Exposure during early development to chemicals with hormonal action may be associated with weight gain during adulthood because of altered body homeostasis. It is known that organotins affect adipose mass when exposure occurs during fetal development, although no knowledge of effects are available for exposures after birth. Here we show that the environmental organotin tributyltin chloride (TBT) exerts adipogenic action when peripubertal and sexually mature mice are exposed to the chemical. The duration and extent of these effects depend on the sex and on the dose of the compound, and the effects are relevant at doses close to the estimated human intake (0.5 mu g/kg). At higher doses (50-500 mu g/kg), TBT also activated estrogen receptors (ERs) in adipose cells in vitro and in vivo, based on results from acute and longitudinal studies in ERE/luciferase reporter mice. In 3T3-L1 cells (which have no ERs), transiently transfected with the ERE-dependent reporter plus or minus ER alpha or EF beta, TBT (in a dose range of 1-100 nM) directly targets each ER subtype in a receptor-specific manner through a direct mechanism mediated by ER alpha in undifferentiated preadipocytic cells and by ER beta in differentiating adipocytes. The ER antagonist ICI-182,780 inhibits this effect. In summary, the results of this work suggest that TBT is adipogenic at all ages and in both sexes and that it might be an ER activator in fat cells. These findings might help to resolve the apparent paradox of an adipogenic chemical being also an estrogen receptor activator by showing that the two apparently opposite actions are separated by the different doses to which the organism is exposed.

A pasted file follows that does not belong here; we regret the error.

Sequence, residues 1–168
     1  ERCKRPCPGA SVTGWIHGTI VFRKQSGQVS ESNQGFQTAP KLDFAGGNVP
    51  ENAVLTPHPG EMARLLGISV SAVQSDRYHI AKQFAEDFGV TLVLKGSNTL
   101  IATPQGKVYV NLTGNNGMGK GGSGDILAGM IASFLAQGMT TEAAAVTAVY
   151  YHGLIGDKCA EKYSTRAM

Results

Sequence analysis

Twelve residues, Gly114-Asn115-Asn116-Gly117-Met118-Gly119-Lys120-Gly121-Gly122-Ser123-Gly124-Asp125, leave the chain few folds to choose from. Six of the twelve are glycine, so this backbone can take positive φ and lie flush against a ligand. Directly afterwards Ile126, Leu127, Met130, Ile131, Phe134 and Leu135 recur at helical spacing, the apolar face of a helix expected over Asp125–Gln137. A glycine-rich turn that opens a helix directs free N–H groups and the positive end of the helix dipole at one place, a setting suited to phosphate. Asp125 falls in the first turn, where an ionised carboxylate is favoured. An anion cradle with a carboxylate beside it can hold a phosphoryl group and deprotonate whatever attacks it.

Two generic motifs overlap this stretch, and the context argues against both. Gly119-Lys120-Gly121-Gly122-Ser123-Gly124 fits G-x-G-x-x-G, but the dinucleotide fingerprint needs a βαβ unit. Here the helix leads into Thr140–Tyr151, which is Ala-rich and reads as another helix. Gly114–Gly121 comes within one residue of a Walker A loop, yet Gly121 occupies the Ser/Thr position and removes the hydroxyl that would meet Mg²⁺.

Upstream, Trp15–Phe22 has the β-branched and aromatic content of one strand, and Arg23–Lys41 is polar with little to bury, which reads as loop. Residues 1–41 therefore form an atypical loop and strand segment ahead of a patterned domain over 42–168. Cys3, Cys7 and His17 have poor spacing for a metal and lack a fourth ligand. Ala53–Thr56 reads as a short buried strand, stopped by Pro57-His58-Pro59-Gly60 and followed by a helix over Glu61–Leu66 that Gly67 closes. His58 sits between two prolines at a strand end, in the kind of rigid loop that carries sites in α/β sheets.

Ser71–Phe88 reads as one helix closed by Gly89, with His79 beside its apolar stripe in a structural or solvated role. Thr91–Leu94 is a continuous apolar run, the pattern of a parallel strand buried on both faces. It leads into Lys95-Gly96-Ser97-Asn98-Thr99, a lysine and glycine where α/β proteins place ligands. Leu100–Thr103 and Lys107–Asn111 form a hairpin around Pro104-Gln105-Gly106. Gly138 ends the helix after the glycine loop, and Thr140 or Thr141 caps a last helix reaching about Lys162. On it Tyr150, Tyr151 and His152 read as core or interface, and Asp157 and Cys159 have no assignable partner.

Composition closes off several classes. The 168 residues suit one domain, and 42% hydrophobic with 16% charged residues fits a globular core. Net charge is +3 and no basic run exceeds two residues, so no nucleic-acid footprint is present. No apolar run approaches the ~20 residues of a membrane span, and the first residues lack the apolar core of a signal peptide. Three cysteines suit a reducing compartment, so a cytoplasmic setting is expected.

The environmental chemical tributyltin chloride (TBT) shows both estrogenic and adipogenic activities in mice which might depend on the exposure dose / M. Penza, M. Jeremic, E. Marrazzo, A. Maggi, P. Ciana, G. Rando, P. Grigolato, D. Di Lorenzo. - In: TOXICOLOGY AND APPLIED PHARMACOLOGY. - ISSN 0041-008X. - 255:1(2011 Aug), pp. 65-75.
|Titolo:||The environmental chemical tributyltin chloride (TBT) shows both estrogenic and adipogenic activities in mice which might depend on the exposure dose|
|Settore Scientifico Disciplinare:||Settore BIO/14 - Farmacologia|
Settore BIO/18 - Genetica
|Data di pubblicazione:||ago-2011|
|Digital Object Identifier (DOI):||http://dx.doi.org/10.1016/j.taap.2011.05.017|
|Appare nelle tipologie:||01 - Articolo su periodico|